“My first three months look nothing like my last two years. We had a flow on the truck. I had a partner when COVID hit and I started switching partners, started shutting drivers, people were dropping with COVID. People were so angry in the city about the trash being late,” he said. “I just saw that there was a gap in communication between the streets department and residents so I started the Instagram to fill that gap.” 

In June of 2020, Ya Fav Trashman was born. 

Ya Fav Trashman to the Moon

The Instagram page became a space for Haigler to show Philly residents and people nationally what it is like for sanitation workers on the job during an unprecedented global pandemic. 

While pointing out serious issues plaguing a city, he used comedy in his posts as well. Haiger noticed the lack in numbers and quality of protective wear such as gloves and masks. It reached a point where he said they had to use paper towels for masks. This became a serious issue for Haigler, as he lost his mother to an asthma attack during this time. It’s an illness most of his family suffers from. 

The constant threat of COVID also kept him away from his family.

“I didn't see my kids for six weeks when the pandemic hit, from March to April. I would go because they live with my ex-wife and see them through a car window or glass door because I didn't know what I was bringing home,” Haigler said. 

As a result, he began a fundraiser selling t-shirts in which the money would go to the sanitation department to buy better protective equipment. 

His account and message caught traction quickly. In a little over four weeks, Haigler had raised over $40,000 for the department. It was a trend that the country invested in and helped. From this, his rise only continued to go up. He appeared on national television such as the Kelly Clarkson Show, ABC World News, and even co-hosted the Today Show live from NYC that helped in starting to significantly build up his platform that beautifying a city can help solve its other issues. Haigler was even invited by President Joe Biden to speak at the White House.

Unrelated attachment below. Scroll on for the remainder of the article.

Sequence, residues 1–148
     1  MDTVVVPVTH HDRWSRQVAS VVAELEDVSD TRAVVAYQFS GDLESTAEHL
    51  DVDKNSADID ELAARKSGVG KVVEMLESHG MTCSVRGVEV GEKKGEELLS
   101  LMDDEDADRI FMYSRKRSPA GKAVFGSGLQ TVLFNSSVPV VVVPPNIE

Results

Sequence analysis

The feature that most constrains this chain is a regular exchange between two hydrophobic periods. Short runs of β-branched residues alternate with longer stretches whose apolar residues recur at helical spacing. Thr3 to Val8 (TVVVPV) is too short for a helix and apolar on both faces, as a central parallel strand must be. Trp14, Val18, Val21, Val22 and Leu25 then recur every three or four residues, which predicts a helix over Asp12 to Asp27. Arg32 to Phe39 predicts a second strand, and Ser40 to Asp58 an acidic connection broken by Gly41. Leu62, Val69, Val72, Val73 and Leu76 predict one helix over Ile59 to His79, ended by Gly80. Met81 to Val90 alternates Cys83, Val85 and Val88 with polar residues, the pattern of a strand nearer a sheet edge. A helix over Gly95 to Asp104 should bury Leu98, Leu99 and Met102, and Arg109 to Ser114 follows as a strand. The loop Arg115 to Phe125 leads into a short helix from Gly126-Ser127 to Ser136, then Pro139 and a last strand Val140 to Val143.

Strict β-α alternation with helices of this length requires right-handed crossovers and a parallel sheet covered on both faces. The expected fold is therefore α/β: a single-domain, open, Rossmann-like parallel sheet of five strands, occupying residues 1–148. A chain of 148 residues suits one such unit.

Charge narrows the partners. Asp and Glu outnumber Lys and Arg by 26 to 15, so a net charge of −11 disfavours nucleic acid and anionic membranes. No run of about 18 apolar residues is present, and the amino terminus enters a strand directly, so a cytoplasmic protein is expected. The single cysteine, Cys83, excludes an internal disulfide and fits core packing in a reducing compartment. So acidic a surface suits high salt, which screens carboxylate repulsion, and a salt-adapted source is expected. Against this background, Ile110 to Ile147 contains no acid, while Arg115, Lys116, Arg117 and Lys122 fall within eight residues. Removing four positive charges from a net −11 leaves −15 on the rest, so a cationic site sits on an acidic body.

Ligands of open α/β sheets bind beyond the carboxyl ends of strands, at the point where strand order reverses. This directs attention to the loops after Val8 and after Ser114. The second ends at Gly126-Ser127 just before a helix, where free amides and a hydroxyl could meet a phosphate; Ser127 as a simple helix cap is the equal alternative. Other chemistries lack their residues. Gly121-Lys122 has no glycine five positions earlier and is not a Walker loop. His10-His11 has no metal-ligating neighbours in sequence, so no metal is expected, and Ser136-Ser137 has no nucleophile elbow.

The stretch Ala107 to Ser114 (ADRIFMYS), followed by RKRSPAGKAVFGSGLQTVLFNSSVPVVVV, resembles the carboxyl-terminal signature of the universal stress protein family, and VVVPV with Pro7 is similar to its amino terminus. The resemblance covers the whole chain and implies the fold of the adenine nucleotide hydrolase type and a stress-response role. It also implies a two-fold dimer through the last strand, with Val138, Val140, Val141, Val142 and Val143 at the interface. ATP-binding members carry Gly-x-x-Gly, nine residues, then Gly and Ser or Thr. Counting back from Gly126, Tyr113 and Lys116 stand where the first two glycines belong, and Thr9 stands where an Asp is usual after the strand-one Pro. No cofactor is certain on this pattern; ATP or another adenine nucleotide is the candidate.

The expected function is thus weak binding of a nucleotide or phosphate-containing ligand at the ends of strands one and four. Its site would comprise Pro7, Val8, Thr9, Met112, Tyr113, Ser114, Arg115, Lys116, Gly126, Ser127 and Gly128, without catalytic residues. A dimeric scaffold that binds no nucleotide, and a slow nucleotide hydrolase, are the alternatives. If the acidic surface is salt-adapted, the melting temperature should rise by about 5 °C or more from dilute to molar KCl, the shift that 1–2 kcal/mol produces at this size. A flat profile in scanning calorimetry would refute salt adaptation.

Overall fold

“For me, it's pushing home the message that no matter your zip code, you deserve a clean block. And that if we have cleaner blocks, we have safer blocks,” he said. “The trash is connected to food insecurity, to the homeless, to education, to public safety, to businesses, to taxes.” 

The start of it is the beautification of Philadelphia, once we get that in line, everything else will be like a domino effect. So now we have a community and now people are going to treat their community differently because they raised the standard of this community,” Haigler continued.

With a strong activist-centered platform that currently has over 33,000 followers, Haigler has only continued his journey. After more than two years at the sanitation department, in 2021 Haigler launched his own company, Ya Fav Hauling, that has accounted for over 500 tons of trash pickup in Philadelphia. With that, he even published his own children’s book, I’m Cool Too, in part inspired by wanting to show his kids that he too is cool as a sanitation worker, and is also a tool for help.

“$5 of every book sale goes towards the school district. I'm trying to sell 200,000 books to raise a million dollars for the Philadelphia School District. Then I'll drop off a check for each and every school so there's 215 schools. Once I get to a million dollars, I'll drop off $4,600 to every school, and then we add $4,600 to every school's budget. That's a tangible outcome,” he said. 

Haigler's sit down with Al Día.

The voice for everyday Philadelphians

Adequate cultural representation in politics and city government is also missing. In part with other issues to tackle, that is something that Haigler hopes to bring to the table. Not just as a Black man, but also the working, everyday voice as well. 

“Two years ago I was only making $30,000 throwing trash. There's a perspective that is missing when it comes to decision making on what's going to affect the everyday Philadelphian. That's where I feel we have a lack of perspective and people that really understand what the average, everyday Philadelphian needs. I want to be a working voice for everyday Philadelphians,” Haigler said. 

Haigler announced his run for an at-large city council seat in the Democratic primary in the neighborhood he grew up in surrounded by life long friends and family. It is an important time in his life that has even influenced friends and family members to vote for what is the first time ever for some. But as the campaign just gets started, Haigler’s childhood neighborhood, and those around him is what means most. 

“I'm never gonna forget where I come from, and I'm never gonna forget who was there and who lives there now. I'm never going to forget the community where I got my start. I wouldn't be your fav trash man without the support of Philadelphians, so I'm never going to not forget how I got to where I am today. That's another reason I want to sit on the seat at the table and make sure that every single Philadelphians taken care of,” he said.


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This content is a part of Every Voice, Every Vote, a collaborative project managed by The Lenfest Institute for Journalism. Lead support is provided by the William Penn Foundation with additional funding from The Lenfest Institute, Peter and Judy Leone, the John S. and James L. Knight Foundation, Harriet and Larry Weiss, and the Wyncote Foundation, among others. To learn more about the project and view a full list of supporters, visit Editorial content is created independently of the project’s donors.